In the summer of 2009 the kid, my sister (referred to as the girl), myself and our travel spider Spidey took on an East Coast road trip of epic proportions, 11 states in 13 days! We started in Michigan and went to New York, Vermont, New Hampshire, Maine, Massachusetts, Rhode Island, Connecticut, New Jersey, Delaware, Maryland, and Virginia.
I should probably first explain Spidey. I had a spider that lived in the passenger side mirror of my car. I believe I picked him up at work as there were several of us that had spiders living in their mirrors. Every night I would come out of work and he would be working on his web. Every night I would tell him it was time to go home and he would climb back behind the mirror. I had him for several months prior to this trip. To our amazement, Spidey continued his pattern of webbing during the night and crawling back behind the mirror in the morning for our entire trip. Sadly, he did leave me not long after we returned home.
I planned this trip over the span of several months. With the exception of Salem and Fall River, Massachusetts I had no specific destinations in mind. Night after night I sat with my Rand Mc Nally Kids’ US Road Atlas that I’ve had since our first Arizona road trip and my AAA tour books and plotted our route. Once I mapped our route, I began planning our stops. This is a tedious process, but one I still use. I sit with my mapped route and every city that we pass through I look up in the AAA Tour Book. I then decide if what’s listed for a city is something we’d like to do. Once the list was compiled, I went over it again with the kid in an attempt to bring it down to realistic proportions. We still took several notebook pages full of possible attractions.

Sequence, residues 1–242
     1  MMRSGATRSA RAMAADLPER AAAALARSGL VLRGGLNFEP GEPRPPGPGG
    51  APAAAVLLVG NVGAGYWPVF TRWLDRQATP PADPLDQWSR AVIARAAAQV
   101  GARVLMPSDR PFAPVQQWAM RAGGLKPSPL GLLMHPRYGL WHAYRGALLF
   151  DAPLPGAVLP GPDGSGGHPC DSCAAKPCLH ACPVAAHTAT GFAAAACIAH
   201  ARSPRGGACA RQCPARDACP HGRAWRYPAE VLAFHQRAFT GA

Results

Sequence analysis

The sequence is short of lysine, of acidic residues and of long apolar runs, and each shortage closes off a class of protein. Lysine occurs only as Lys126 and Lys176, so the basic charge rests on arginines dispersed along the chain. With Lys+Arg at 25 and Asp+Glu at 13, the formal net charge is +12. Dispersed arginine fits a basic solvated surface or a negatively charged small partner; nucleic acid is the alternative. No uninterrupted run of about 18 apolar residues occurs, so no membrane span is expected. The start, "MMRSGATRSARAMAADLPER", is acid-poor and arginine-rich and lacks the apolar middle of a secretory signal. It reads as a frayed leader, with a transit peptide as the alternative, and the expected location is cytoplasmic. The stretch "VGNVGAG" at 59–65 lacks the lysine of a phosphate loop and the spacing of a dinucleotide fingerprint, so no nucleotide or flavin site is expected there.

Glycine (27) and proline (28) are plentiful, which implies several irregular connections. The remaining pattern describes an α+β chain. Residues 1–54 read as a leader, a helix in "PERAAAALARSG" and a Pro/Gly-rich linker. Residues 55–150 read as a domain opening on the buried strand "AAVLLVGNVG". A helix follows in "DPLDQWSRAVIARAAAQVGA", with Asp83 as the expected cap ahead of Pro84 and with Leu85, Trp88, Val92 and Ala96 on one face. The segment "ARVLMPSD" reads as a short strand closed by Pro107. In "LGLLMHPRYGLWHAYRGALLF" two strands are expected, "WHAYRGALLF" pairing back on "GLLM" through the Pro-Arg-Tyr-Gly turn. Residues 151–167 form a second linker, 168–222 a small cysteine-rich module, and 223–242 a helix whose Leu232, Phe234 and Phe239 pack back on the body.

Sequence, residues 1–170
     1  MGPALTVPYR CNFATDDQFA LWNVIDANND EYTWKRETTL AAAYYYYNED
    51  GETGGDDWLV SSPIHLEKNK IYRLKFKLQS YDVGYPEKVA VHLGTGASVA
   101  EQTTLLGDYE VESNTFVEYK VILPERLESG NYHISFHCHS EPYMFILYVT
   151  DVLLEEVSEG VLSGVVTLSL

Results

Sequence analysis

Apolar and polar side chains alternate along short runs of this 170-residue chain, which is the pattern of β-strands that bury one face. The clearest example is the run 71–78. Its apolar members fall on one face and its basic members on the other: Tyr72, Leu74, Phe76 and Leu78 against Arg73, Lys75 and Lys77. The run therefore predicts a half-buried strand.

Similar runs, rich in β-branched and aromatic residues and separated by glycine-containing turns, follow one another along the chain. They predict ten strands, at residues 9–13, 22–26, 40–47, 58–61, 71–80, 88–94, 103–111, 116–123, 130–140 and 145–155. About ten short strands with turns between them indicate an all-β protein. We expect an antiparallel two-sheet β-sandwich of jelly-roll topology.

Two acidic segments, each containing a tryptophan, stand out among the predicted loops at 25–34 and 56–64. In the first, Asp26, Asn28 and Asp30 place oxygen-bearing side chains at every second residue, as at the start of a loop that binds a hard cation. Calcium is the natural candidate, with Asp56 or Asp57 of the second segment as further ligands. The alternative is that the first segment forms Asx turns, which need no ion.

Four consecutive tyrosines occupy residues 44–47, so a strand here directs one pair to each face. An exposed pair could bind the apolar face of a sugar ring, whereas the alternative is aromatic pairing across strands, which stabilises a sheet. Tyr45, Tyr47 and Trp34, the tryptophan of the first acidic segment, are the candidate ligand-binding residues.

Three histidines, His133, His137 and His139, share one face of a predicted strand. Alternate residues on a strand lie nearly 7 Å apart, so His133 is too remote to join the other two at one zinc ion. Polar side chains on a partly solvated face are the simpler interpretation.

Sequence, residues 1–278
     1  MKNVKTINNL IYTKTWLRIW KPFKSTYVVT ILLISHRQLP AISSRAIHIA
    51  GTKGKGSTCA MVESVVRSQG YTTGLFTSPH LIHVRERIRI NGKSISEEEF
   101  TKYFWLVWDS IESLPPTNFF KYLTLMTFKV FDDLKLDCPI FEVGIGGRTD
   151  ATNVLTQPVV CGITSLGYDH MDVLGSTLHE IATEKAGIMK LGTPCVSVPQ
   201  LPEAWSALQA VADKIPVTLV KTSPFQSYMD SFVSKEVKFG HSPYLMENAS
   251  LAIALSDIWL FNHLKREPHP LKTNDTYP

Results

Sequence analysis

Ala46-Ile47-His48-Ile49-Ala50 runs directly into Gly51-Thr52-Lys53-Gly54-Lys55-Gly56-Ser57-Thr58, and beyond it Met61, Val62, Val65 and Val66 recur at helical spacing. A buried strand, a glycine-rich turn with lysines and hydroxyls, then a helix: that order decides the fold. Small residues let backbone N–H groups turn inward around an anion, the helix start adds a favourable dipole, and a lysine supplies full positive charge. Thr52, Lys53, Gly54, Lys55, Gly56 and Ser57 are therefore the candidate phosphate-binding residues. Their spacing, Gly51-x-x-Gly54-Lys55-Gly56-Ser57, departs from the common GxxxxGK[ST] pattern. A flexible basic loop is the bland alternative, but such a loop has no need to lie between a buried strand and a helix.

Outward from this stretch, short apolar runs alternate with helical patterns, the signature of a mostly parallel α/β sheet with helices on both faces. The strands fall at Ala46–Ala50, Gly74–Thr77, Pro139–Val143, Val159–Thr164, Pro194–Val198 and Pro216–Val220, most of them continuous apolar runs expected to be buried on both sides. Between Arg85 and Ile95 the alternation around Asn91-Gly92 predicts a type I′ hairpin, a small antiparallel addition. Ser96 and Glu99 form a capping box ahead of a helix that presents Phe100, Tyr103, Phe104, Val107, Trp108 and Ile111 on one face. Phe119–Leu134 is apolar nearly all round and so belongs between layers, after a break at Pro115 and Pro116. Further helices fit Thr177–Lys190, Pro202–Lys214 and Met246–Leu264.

Thanks to a very patient woman at AAA, we had our route (TripTik) and our list of attractions, what we didn’t know was when or where we were going to end up each day. This trip was a perfect example of what I call organized spontaneity. Not knowing our exact daily destinations led to a phenomenon that has never happened to me before or after this trip, and the kid and I fully blame the girl since she was the one differing factor. We got lost every single day! The TripTik’s took me to the center of each city we were stopping in, they did not take us to any particular attraction or hotel. One particular day we went in and out of Virginia and West Virginia at least three times. This same day we even managed to drive through Washington D.C., so we took a picture of the Pentagon!
Packing the car was an adventure in it’s own right. When VW made the Beetle, I don’t think they considered the amount of space three women require when going on a two week vacation. Somehow we managed to get it all in, but there was not a single area of free space. Now wrap your mind around this, every single night everything had to be unloaded and every single morning everything had to be reloaded. By the end of the trip, we had this process down to a science.